Germany’s Jews report rise in anti-Semitic violence since Hamas attack

Germany’s leading Jewish group claims one in three communities have experienced hostility since militant group’s assault on Israel on October 7th

Chancellor Olaf Scholz lit the first Hanukkah candle on a giant Menorah at Berlin’s Brandenburg Gate in Berlin on Thursday, a sign of solidarity with the Jewish community amid claims of a surge in anti-Semitic violence.

According to Germany’s leading Jewish group, one in three communities have experienced hostility since the Hamas attack on Israel on October 7th last.

“Hanukkah stands for hope and trust... we need both, especially in these days,” said Mr Scholz, wearing a kippah as he became the first German chancellor to attend what has become an annual ceremony on the Jewish holiday since 2008.

Marking the start of Hanukkah at Germany’s most symbolic site, Mr Scholz said, showed “an inseparable belonging of the Jewish faith and citizens to this, to our country”.


Beside him, Berlin Rabbi Yehuda Teichtal said he hoped “these days may go down in history as a further step in the growth of Jewish life in Germany”.

But a growing number of studies suggest otherwise. There were 994 anti-Semitic incidents across Germany in the first month after October 7th, according to one federal study, representing a 320 per cent rise on last year’s daily average. Meanwhile, a new survey by the Central Council of Jews in Germany says one in three communities have experienced insults or outright threats in the last two months. These include graffiti on Jewish buildings, threatening phone calls or emails and even petrol-filled bottles tossed at one Berlin Jewish community centre.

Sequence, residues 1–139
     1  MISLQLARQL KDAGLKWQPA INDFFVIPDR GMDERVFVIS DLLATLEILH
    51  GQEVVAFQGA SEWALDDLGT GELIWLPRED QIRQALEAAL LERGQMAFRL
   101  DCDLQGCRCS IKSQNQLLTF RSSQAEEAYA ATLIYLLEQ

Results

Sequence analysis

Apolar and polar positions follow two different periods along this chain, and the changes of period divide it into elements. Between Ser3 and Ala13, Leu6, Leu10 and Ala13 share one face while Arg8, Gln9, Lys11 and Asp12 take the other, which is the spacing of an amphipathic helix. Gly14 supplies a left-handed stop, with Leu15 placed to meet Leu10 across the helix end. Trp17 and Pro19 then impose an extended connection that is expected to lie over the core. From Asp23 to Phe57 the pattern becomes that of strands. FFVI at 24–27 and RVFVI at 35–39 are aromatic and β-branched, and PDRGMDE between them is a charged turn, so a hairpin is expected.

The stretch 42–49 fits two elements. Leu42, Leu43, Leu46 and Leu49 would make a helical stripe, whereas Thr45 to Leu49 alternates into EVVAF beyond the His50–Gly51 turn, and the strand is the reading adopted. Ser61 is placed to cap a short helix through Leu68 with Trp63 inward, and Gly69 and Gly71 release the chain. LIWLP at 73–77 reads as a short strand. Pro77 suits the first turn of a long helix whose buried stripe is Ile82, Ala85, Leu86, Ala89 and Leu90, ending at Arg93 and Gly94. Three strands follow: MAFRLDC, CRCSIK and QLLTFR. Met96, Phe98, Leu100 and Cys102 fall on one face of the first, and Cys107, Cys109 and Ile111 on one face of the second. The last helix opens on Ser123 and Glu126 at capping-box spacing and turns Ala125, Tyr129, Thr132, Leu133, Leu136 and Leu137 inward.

Leaders of 98 of the 105 Jewish communities took part, according to the council, and almost 80 per cent said they felt it had become less safe to live and appear as a Jew in Germany since October 7th.

At the same time, 96 per cent of the communities said they were satisfied with the response of police and other security services who guard their community buildings.

Central Council president Josef Schuster said Germans should “not underestimate” the influence on Germany’s large Turkish community of anti-Israeli statements by Turkish president Recep Tayyip Erdogan.

Nor he added, should Germany overlook home-grown anti-Jewish feeling and right-wing extremist threats.

“The threat from the right-wing extremist camp has not disappeared, it’s just that the others have the louder voice right now,” he told Die Zeit weekly.

Dr Schuster pointed to recent surveys suggesting that about 20 per cent of the German population has anti-Jewish prejudices. Though the vast majority of Germans don’t think this way, he said, many of them are “indifferent” to growing Jewish fears.

“They don’t think anything, they don’t say anything, the hatred of us doesn’t affect them,” he added. “This silence is bitter.”

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Derek Scally

Derek Scally

Derek Scally is an Irish Times journalist based in Berlin